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COVID-19 cases continue to rise in NC nursing homes

Half of Mecklenburg County's deaths are connected to long-term care facilities.

CORNELIUS, N.C. — New numbers from the North Carolina Department of Health and Human Services reveal COVID-19 cases and deaths continue to rise at long-term care facilities.

According to Mecklenburg County, there are COVID-19 "outbreaks" at 12 long-term care facilities.

DHHS defines an outbreak in a congregate living setting "...as two or more laboratory-confirmed cases. An outbreak is considered over if there is not evidence of continued transmission within the facility."

Kathy Chenette said her 81-year-old mother, Joan, was temporarily staying at Autumn Care of Cornelius as she recovered from hernia surgery.

While at the facility, Chenette said her mother was diagnosed with COVID-19.

She decided to pull her mom out of the facility before her scheduled discharge.

As of May 5, the facility had 60 confirmed cases and 17 deaths.

"I think it was a wake-up call for her," Chenette said when her mom first learned of the deaths. "I don't think she really realized how serious and how close to dying she was."

She said her mother has recovered from the virus.

"It was a reinforcement to me that I made the right decision because I wasn't sure I would be capable of taking care of her," Chenette said.

Mecklenburg County Public Health Director Gibbie Harris said half of the county's COVID-19 deaths are connected to long-term care facilities, and nearly all those who died were at least 60-years-old.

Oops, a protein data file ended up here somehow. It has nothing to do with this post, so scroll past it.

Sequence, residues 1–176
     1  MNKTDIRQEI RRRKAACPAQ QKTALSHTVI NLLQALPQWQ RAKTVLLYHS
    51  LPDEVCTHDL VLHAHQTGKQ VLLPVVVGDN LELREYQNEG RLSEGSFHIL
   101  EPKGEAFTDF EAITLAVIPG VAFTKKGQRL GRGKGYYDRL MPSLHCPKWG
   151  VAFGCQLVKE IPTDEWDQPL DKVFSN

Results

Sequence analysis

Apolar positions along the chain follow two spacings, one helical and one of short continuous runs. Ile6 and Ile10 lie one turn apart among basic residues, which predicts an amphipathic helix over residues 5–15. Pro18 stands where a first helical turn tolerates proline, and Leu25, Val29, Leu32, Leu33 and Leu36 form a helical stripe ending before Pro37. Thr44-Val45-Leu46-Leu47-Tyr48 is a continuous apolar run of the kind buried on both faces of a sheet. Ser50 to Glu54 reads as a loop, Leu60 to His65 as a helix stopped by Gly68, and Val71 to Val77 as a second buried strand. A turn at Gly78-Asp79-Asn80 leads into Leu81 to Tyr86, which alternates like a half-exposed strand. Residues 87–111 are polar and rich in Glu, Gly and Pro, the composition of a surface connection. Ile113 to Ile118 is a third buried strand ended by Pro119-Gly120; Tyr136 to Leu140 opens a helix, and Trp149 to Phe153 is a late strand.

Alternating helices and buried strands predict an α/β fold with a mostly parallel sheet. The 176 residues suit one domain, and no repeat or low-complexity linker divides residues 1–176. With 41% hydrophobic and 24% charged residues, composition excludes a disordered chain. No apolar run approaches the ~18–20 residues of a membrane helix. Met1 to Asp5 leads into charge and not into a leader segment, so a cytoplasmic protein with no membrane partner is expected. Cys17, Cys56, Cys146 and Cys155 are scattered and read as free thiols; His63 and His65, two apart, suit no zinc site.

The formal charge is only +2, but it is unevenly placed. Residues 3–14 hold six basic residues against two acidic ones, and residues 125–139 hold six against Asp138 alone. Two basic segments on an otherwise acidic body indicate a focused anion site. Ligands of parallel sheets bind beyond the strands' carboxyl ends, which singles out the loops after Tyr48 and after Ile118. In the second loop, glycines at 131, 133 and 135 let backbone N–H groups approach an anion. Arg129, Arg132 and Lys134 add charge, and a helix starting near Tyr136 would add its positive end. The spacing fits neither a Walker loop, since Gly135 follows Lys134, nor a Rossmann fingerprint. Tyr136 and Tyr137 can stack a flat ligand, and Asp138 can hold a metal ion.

RELATED: Mecklenburg County data shows nearly half of COVID-19 deaths stem from long-term care facilities

She said the county is working to make sure there are no more outbreaks at other facilities.

"That proactive outreach includes looking at their staffing capacity, their protective equipment capacity and their testing capacity," Harris said.

North Carolina DHHS is also partnering with ECU's School of Nursing to match nurses and nursing assistants with long-term care facilities in desperate need of more workers.

South Carolina announced Wednesday it plans to test every resident and staff at nursing homes across the state.

In a letter on its website, Saber Healthcare Group, which owns Autumn Care, said it's restricting visitors, and it's "...working to equip facilities with important tools to appropriately focus on the prevention of respiratory illnesses."

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